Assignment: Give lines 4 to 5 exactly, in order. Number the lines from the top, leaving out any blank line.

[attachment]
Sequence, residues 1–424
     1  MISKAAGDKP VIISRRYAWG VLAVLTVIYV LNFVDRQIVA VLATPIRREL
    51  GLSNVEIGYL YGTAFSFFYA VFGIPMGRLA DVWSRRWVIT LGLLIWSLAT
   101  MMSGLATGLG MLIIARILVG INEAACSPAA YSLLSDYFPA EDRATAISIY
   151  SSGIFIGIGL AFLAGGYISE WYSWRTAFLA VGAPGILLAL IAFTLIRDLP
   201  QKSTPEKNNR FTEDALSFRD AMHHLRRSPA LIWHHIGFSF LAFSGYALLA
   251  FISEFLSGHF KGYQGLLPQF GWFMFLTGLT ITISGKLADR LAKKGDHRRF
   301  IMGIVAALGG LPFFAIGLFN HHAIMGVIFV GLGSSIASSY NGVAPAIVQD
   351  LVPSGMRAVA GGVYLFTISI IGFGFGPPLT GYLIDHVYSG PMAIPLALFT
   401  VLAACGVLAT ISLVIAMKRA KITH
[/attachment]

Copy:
   101  MMSGLATGLG MLIIARILVG INEAACSPAA YSLLSDYFPA EDRATAISIY
   151  SSGIFIGIGL AFLAGGYISE WYSWRTAFLA VGAPGILLAL IAFTLIRDLP